Smorgasbord Health Column – Influenza – The herb Goldenseal.


In the last few health column posts I have covered the upcoming influenza season with news of a mega-vaccine and how to boost the immune system to prevent infection. I also mentioned the preventative and therapeutic properties of Echinacea and  in this post I want to follow up with another herb with similar properties but is not quite as popular.

You can find these posts in the Health Directory

Echinacea is an herb that might help prevent infections from colds and also help alleviate the symptoms if you actually caught one. Goldenseal has similar properties and also has a number of other reported medicinal properties including being anti-bacterial, anti-viral, anti-fungal as well as being full of nutrients. It contains Vitamins A, C and E, B-complex, calcium, iron and manganese.

A word of warning about Goldenseal, it is a uterine stimulant which means that you should not take if you are pregnant and nor should you give to your pets if they are pregnant as it could induce early labour. You should also not take if you suffer from high blood pressure.

Like Echinacea, Goldenseal was used by the Native American Indians, in particular the Cherokee, for centuries in their pharmacy of natural herbs. Its distinctive yellow colour also made it a perfect dye for clothes and blankets.

Goldenseal is a member of the buttercup family and it is the root that is used in medicine. Originally it was most probably used for infections and to treat irritations of soft tissues, especially the eyes.

The mucous membranes of the body are found in the nasal passages, throat, digestive tract, respiratory tract and urinary tract. They are slimy to the touch in order to prevent bacteria sticking to their surfaces and reproducing and causing infection. They are also the first surfaces to become inflamed and irritated when we catch an infection. Goldenseal works by increasing the immune system energy and also increasing the circulation right under the surface of the membranes, which helps eliminate the waste faster and speed up the healing process.

There are a number of conditions that involve mucous membranes that can be helped by taking the herb – apart from colds and flu – including sinus infections, mild bowel inflammations, upper respiratory infections, urinary tract infections and eye irritations.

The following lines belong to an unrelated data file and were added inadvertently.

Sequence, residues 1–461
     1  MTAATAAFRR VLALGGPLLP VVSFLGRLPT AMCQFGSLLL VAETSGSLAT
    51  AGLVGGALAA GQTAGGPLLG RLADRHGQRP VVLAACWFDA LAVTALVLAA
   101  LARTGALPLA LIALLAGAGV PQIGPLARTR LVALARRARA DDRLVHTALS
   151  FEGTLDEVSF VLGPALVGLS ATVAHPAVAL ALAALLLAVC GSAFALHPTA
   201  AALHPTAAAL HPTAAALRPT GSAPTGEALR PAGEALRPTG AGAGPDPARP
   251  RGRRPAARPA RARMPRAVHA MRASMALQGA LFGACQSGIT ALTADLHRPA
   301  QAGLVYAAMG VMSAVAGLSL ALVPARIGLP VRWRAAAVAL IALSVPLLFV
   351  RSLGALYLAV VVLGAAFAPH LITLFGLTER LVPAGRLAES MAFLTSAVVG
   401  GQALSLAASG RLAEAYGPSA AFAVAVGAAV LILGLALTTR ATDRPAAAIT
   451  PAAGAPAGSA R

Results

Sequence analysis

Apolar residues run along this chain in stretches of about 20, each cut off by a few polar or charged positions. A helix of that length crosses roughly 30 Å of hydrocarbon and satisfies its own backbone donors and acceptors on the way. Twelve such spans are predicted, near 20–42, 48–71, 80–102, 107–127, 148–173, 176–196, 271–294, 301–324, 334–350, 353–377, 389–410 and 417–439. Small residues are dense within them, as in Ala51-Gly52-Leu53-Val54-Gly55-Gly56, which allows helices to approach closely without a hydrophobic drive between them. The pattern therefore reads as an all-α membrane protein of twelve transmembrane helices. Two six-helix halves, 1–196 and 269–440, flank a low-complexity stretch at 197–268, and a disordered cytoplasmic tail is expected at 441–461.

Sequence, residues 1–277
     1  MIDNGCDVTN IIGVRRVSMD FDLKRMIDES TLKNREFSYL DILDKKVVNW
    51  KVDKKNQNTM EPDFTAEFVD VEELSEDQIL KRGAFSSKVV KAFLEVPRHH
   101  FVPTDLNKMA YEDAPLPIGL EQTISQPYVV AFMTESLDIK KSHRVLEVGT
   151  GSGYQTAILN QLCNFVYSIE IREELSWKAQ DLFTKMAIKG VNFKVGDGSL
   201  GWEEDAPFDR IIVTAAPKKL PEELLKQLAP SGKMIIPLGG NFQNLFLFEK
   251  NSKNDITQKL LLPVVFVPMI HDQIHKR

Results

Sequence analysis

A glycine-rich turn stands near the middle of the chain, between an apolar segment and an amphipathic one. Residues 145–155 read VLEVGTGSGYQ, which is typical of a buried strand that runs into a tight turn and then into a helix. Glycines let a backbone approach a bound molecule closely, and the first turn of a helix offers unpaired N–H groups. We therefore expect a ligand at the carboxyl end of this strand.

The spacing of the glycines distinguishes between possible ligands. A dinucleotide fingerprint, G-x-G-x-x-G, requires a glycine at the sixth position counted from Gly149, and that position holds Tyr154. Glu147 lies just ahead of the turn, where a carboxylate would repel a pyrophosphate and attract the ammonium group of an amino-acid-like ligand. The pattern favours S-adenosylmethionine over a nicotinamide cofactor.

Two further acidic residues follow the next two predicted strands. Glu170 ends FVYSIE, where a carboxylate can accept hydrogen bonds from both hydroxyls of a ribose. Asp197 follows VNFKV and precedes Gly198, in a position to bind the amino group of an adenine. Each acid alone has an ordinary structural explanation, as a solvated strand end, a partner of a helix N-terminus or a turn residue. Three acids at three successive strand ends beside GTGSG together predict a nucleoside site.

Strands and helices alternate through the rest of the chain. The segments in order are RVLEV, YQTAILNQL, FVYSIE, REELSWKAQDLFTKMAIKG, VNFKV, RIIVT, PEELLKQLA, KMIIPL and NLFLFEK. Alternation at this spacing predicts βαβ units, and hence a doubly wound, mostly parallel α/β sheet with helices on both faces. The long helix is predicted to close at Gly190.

Quite a potent combination is to take both Echinacea and Goldenseal when you begin an infection. As you may know, Echinacea stimulates the immune system by increasing the activity of the white blood cells that destroy harmful bacteria and viruses.

  • The Goldenseal will help control the inflammation and speed up the immune system process by bringing the white blood cells to the infected site faster.
  • To be healthy we need our glandular functions to be working efficiently. Goldenseal increases bile flow (improves appetite), and digestive enzymes which in turn improves the function of the liver and the spleen. It also helps ease peptic ulcers, treats infections of the intestines and aids in digestion.
  • Goldenseal does not suit everyone and apart from the general warning above I do not advise using the herb for long periods of time. That applies to most herbs that are used therapeutically.
  • Echinacea can be used as a preventative measure during the winter months but Goldenseal should be used when needed in the early stages of an infection until it has cleared. Usually two weeks is sufficient and it is best taken after food.
  • Goldenseal can be used as a mouthwash following dental treatment. If you have a severe sore throat then you can dilute two capsules into 4 oz. of hot water, allow to cool, and then use as a gargle.
  • Goldenseal is available as a tincture or in capsule form.

Would love your feedback of course.. thank you and have a great week.. Sally